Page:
In pioneer days, people enjoyed life. For one thing, most of these pioneers were young people or in the prime of life. Everything was new to them and there was so much to see and do. Their dugouts and sod houses probably meant as much to them as our houses do to us now. They didn't expect much, and so it didn't take much to make them happy. People didn't hurry like they do now, and if two people met on the road, they stopped and talked awhile whether neighbors or strangers. Schoolhouses were social centers and places for religious services, political debates, box suppers, ciphering and spelling matches.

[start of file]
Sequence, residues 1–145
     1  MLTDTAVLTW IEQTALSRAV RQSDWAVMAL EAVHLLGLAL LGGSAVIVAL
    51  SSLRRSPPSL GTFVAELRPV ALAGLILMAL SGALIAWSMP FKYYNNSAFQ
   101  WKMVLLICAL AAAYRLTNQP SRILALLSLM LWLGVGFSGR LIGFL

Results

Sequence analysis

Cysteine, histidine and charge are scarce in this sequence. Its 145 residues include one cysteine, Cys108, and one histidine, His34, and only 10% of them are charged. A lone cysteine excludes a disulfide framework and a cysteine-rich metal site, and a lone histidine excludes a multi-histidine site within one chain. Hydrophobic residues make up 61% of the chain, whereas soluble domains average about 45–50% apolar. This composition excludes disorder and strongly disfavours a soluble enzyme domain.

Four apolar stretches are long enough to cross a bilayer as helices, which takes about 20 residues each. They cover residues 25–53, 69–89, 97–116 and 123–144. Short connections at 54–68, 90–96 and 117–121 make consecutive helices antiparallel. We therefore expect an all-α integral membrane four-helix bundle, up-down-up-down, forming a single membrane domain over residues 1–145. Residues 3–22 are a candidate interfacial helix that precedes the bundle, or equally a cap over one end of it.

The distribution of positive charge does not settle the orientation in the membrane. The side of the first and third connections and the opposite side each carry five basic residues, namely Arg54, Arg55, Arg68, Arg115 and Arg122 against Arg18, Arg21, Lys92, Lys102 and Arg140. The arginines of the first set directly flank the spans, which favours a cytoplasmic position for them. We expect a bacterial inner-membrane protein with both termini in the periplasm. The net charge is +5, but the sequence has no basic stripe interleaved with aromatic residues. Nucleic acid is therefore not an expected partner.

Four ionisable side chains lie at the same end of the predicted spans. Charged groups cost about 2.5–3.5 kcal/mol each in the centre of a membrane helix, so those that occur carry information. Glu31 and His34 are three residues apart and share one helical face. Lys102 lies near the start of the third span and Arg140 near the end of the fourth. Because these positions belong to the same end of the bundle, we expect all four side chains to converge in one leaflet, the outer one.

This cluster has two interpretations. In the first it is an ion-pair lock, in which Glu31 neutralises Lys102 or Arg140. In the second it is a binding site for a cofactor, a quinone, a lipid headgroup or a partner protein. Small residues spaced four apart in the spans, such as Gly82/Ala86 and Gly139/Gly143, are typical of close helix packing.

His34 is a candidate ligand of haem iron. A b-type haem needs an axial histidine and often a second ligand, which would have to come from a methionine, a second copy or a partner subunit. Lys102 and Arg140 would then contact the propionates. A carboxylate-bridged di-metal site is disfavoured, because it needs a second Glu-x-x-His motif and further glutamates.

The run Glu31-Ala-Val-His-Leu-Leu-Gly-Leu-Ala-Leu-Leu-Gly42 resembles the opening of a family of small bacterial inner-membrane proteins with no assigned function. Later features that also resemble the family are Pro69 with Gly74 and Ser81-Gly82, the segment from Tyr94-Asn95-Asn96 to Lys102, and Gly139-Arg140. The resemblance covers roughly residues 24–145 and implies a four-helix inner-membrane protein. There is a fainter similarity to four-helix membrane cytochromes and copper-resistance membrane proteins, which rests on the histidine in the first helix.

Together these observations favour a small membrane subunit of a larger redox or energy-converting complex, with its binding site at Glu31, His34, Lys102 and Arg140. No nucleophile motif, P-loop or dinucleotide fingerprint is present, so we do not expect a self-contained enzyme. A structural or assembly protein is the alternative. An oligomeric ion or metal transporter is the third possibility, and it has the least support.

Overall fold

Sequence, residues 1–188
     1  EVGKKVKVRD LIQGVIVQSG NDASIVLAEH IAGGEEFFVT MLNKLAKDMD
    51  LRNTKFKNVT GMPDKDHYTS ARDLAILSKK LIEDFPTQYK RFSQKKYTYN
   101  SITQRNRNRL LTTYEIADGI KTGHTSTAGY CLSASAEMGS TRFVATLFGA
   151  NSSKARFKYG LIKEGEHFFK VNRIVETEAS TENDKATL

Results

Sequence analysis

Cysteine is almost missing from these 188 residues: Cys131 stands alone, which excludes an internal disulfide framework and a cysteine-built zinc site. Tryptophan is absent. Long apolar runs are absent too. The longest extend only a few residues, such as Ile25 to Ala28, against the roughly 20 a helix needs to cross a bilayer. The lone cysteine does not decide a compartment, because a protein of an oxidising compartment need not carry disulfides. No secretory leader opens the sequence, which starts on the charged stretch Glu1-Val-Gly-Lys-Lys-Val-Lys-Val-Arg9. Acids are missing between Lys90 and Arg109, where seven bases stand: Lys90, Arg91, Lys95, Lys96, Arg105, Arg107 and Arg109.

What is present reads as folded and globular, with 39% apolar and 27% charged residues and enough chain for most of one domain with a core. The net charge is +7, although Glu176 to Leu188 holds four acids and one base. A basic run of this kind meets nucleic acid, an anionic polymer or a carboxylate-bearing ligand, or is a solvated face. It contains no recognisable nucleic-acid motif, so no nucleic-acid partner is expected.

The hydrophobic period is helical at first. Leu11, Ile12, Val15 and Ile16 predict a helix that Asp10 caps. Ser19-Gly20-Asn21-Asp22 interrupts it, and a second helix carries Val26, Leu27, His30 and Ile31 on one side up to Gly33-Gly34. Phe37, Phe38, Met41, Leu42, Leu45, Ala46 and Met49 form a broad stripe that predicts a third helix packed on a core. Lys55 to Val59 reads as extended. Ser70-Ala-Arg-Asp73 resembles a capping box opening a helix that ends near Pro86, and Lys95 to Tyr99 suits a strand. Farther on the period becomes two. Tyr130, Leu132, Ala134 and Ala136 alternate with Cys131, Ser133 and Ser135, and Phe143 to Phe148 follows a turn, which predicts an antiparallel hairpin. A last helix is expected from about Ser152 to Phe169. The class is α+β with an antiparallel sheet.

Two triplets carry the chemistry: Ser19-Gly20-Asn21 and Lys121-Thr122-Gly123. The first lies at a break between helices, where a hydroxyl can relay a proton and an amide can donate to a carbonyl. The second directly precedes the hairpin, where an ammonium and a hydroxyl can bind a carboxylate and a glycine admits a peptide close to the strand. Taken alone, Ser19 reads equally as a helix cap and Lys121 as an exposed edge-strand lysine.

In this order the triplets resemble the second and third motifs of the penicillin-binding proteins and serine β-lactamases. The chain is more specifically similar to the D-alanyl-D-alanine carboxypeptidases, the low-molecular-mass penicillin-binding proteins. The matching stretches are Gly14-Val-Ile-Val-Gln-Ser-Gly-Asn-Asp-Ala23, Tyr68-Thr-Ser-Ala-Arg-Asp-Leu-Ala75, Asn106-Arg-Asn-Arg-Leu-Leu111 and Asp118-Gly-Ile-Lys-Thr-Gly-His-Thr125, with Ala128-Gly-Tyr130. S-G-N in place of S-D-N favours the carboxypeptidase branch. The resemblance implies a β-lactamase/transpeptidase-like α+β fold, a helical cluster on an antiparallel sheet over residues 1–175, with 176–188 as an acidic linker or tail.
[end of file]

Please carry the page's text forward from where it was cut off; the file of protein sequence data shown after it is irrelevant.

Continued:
Near election time there were big political meetings with barbecues. People carne from miles around to spend the day and eat and laugh and joke and forget about the grimness of prairie fires, blizzards and grasshopper plagues.
Back in 1955 a call went out from the editors of the then CAPPER’s WEEKLY asking for readers to send in articles on true pioneers. Hundreds of letters came pouring in from early settlers and their children, many now in their 80s and 90s, and from grandchildren of settlers, all with tales to tell. So many articles were received that a decision was made to create a book, and in 1956, the first My Folks title – My Folks Came in a Covered Wagon – hit the shelves. Nine other books have since been published in the My Folks series, all filled to the brim with true tales from CAPPER’s readers, and we are proud to make those stories available to our growing online community.